The Israeli-Palestinian and the Russian-Ukrainian conflict: Perception and conflict-resolution strategies
Regional conflicts have the potential to become a danger for the world community. Examples are the old Israeli-Palestinian and the new Russian-Ukrainian conflicts. The current study investigated preferences for conflict-resolution strategies in these 2 international conflicts and predictors of these strategy preferences. Past research has focused on cognitive variables as predictors of conflict-resolution strategies. The current study focused on concern about the conflicts, religiosity, gender, and left-right political attitudes as potential predictors and was conducted in the streets of Berlin, Germany, with a heterogeneous sample of 229 participants. Whereas low religiosity, high concern, and right-leaning political attitudes predicted aggressive conflict-resolution strategies in the Israeli-Palestinian conflict, none of the variables predicted aggressive conflict-resolution strategies in the Russian-Ukrainian conflict. It is possible that novelty of the later conflict and geographical proximity to Berlin as well as mistrust toward the United States and Russia lead to no clear-cut opinions regarding the Russian-Ukrainian conflict.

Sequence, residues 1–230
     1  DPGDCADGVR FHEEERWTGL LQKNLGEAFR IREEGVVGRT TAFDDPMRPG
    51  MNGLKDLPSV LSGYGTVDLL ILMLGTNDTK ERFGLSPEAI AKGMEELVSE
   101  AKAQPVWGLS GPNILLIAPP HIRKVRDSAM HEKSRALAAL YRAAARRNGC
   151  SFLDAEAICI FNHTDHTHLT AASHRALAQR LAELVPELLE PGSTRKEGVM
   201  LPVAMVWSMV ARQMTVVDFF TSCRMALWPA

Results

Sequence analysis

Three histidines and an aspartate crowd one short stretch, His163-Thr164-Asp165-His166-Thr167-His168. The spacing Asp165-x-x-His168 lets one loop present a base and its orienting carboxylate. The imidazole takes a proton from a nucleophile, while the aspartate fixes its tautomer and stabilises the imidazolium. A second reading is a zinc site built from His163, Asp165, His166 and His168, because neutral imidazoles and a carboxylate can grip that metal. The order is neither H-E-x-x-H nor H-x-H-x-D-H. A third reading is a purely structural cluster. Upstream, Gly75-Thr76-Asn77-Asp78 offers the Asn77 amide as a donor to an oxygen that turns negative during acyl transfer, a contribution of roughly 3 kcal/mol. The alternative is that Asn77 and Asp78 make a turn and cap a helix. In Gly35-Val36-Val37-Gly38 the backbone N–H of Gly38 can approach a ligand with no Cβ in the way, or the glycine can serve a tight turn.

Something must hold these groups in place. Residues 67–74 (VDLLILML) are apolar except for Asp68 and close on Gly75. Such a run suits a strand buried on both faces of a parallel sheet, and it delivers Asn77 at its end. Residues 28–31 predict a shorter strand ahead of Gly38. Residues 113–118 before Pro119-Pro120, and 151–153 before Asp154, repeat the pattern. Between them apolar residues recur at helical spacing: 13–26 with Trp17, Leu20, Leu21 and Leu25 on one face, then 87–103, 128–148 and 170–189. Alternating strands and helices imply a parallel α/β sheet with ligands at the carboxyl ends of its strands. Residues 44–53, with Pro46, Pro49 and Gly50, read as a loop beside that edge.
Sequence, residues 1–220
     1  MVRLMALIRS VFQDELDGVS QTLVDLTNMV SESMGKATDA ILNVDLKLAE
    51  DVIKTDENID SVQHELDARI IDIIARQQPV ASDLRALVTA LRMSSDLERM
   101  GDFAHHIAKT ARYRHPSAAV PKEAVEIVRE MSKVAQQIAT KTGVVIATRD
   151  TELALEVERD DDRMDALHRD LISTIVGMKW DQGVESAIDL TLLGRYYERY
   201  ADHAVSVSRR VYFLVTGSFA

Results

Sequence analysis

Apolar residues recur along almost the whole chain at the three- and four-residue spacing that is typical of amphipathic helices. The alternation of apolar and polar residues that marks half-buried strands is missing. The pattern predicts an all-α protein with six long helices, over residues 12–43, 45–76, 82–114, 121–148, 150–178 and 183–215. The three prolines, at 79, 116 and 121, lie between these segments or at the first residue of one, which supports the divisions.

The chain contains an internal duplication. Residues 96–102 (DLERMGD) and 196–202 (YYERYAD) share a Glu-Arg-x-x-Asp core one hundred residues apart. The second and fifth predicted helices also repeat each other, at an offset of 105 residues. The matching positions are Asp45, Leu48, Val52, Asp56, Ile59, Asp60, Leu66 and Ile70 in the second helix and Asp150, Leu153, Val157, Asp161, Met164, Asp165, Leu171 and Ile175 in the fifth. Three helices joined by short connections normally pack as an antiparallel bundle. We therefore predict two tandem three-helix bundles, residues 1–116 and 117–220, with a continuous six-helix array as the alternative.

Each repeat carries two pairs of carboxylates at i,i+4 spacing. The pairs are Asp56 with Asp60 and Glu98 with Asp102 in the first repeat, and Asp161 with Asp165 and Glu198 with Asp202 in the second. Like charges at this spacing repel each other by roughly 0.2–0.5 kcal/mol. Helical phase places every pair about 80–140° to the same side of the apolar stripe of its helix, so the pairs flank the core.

Peace and Conflict
Digital Object Identifier (DOI)
Güss, Safazada, I., Schaffer, M., Cash, J.-M., & Bekhor, Y. (2018). The Israeli-Palestinian and the Russian-Ukrainian Conflict: Perception and Conflict-Resolution Strategies. Peace and Conflict, 24(2), 230–234. https://doi.org/10.1037/pac0000324